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PhD project: Smart nanomaterials for green-tech applications

Formation and understanding of nanoparticle-based multifunctional novel materials for green-tech applications, generated by spark ablation
The vision of this project is to produce new nanoscale materials that are beneficial for our environment. This will be done by combining techniques to produce novel multifunctional hybrid nanomaterials, including magnetic materials, based on aerosol-generated nanoparticles and to use processing techniques to create templates for guiding the self-assembly of the nanoparticles into 1D, 2D, and 3D structures. Self-assembled hybrid nanostructures could find use in a wide range of green-tech applications such as catalysts and high-performing magnets.

Graphics depicting production of smart nanoparticles. Graph: Maria Messing

Introduction

The research at the division of Solid State Physics is focused around different aspects of semiconductor physics, ranging from materials science to quantum physics, to different applications. The division also leads NanoLund, the major interdisciplinary research environment within nanoscience and nanotechnology at Lund University. Lund Nano Lab is a central key facility for fabrication of material and devices on the nanoscale. The division is also heavily involved in the undergraduate education, especially within the “Engineering Nanoscience” program.

For the last twenty years our research in generating advanced nanomaterials based on nanoparticles produced with aerosol technology has been in the international forefront. We wish to expand our research in the area by combining advanced aerosol technology with advanced processing technology to produce magnetic nanostructures, which are of great interest in research and industry.

Project specification

Work duties

The goal of the project is combining techniques to produce novel multifunctional hybrid nanomaterials, including magnetic materials, based on aerosol-generated nanoparticles and to use processing techniques to create templates for guiding the self-assembly of the nanoparticles into 1D, 2D and 3D structures. Self-assembled magnetic nanostructures could find use in a wide range of applications such as high-density data storage, magnetic memories, magnetic cooling, catalysis, electromagnetic absorption, cancer treatment, and as building blocks in future high-performing magnets for green technologies. The main focus of the project will be development of multifunctional mixed-metal nanoparticles but the project will also include advanced characterization of the individual nanoparticles as well as the self-assembled structures. This will be done by electron microscopy, x-ray-based characterization techniques and measurements of the magnetic properties using a magnetometer equipped with a superconducting quantum interference device. Hence, the doctoral student will gain comprehensive experience in several important key production and characterization tools for nanomaterials, in addition to forward the knowledge on new types of multifunctional nanomaterials and nanoparticle formation via aerosol routes. We have a large network of international cooperation partners and the PhD studies might include an exchange with another University or a secondment in in industry.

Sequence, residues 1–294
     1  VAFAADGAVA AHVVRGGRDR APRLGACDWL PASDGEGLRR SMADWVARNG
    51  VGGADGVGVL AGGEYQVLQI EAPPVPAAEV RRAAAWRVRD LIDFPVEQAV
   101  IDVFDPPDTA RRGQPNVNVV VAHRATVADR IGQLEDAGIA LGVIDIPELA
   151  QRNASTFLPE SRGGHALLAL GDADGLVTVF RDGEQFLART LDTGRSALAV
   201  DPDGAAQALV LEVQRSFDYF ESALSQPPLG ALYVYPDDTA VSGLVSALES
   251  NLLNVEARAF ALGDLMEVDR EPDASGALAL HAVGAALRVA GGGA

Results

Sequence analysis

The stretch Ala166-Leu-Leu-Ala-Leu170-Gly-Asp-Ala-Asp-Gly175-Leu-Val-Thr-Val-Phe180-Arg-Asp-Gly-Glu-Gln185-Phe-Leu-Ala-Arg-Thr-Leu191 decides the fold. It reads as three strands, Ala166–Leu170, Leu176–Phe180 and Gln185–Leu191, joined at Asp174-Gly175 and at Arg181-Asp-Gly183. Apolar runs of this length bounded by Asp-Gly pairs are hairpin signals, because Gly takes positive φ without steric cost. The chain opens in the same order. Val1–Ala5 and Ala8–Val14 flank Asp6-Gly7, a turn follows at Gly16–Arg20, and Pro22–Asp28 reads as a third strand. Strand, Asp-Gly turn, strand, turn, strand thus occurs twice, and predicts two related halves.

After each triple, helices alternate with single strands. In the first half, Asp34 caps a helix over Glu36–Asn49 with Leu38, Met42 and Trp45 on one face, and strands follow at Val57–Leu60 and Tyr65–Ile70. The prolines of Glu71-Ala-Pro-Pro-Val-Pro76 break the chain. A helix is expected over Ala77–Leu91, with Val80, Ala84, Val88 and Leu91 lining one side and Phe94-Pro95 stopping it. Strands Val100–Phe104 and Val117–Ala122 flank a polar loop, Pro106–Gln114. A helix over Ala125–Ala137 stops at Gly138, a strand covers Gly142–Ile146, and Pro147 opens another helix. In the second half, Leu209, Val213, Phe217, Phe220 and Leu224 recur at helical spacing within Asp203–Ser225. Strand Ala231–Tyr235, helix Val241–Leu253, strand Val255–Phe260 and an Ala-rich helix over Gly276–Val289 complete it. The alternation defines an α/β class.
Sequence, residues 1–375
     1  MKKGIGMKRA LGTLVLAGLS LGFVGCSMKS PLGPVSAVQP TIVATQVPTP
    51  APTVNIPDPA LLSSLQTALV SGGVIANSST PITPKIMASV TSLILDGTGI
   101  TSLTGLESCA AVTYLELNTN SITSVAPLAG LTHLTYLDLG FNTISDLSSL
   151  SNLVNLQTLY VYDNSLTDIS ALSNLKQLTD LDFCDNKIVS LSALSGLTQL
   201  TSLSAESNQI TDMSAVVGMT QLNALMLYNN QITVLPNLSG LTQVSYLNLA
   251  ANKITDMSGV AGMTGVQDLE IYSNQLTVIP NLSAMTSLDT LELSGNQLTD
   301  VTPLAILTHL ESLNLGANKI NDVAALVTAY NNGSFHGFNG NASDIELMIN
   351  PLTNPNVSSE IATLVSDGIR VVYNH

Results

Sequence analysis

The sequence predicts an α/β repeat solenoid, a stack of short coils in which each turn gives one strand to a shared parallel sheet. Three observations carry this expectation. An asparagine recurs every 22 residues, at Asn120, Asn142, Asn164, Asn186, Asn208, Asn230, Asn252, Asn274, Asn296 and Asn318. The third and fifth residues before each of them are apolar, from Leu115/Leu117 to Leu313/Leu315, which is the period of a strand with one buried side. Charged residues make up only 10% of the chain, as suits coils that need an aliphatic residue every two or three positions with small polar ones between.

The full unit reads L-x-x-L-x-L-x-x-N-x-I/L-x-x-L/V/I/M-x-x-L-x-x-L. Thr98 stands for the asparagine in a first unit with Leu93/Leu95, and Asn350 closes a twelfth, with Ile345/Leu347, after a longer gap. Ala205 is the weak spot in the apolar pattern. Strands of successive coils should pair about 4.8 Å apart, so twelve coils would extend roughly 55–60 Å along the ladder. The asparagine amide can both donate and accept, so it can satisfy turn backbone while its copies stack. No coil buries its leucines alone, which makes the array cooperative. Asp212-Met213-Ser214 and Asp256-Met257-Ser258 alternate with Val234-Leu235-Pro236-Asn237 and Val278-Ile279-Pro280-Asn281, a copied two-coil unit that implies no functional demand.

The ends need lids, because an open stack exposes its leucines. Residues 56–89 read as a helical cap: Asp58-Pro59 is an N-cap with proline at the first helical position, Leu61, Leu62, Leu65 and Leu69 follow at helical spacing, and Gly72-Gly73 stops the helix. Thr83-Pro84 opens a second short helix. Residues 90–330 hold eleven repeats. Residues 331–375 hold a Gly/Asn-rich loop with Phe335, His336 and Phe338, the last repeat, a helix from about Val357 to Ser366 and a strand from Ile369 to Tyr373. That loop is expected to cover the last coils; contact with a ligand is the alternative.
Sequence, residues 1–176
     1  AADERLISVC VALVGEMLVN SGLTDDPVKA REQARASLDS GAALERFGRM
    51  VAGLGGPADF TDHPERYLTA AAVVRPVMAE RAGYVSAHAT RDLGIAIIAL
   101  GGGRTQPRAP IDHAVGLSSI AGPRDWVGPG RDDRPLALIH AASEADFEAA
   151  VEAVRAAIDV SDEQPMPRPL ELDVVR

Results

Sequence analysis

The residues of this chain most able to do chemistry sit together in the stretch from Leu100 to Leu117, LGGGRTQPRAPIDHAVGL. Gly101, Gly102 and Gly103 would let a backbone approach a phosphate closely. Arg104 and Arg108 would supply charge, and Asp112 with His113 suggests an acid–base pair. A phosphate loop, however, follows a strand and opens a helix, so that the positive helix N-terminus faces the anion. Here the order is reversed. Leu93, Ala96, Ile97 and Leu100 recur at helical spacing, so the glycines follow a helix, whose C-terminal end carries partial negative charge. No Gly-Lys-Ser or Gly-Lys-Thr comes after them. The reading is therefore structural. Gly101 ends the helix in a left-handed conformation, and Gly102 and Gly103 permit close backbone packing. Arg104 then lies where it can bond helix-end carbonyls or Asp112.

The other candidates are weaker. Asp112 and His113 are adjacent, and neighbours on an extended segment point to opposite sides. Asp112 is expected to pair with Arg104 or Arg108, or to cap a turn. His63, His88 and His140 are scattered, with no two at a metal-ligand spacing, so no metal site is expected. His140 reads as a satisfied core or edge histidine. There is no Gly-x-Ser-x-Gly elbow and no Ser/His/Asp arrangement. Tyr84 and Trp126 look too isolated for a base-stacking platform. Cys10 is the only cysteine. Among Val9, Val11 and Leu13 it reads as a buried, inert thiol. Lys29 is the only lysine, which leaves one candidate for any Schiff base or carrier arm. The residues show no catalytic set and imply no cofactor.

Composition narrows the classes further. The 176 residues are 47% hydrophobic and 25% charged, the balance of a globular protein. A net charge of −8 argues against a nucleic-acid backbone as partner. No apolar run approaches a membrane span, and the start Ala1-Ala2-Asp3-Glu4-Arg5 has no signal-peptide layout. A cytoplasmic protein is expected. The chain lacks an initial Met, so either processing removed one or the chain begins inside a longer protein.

The main duties of doctoral students are to devote themselves to their research studies which includes participating in research projects and third cycle courses. The work duties can also include teaching and other departmental duties (no more than 20%).

The doctoral student is expected to work independently, as well as in close collaboration with researchers carrying out other tasks within the project.

Desirable skills

We expect that your undergraduate studies include courses in materials science and materials characterization. The research is to a large extent interdisciplinary, and a broad competence profile and experiences from relevant areas of physics (including quantum mechanics), electronics, solid state/semiconductor physics and nanofabrication are of special value. The ability for skillful laboratory work is essential and demonstrated experience will be considered a merit, and so will courses on magnetism. Important personal qualities are, beside creativity and a curious mind, the ability to work both independently and in a group, self-motivation and experience in the scientific interaction with researchers from other disciplines and in other countries.

Enrolment: Physics

Subject curriculum for physics at the Faculty of Engineering TEFAFF00 (pdf, 265kB, new window)

Supervisor

Maria Messing, Senior lecturer at Solid State Physics

Maria Messing's personal page including contact information

Division of Solid State Physics webpage

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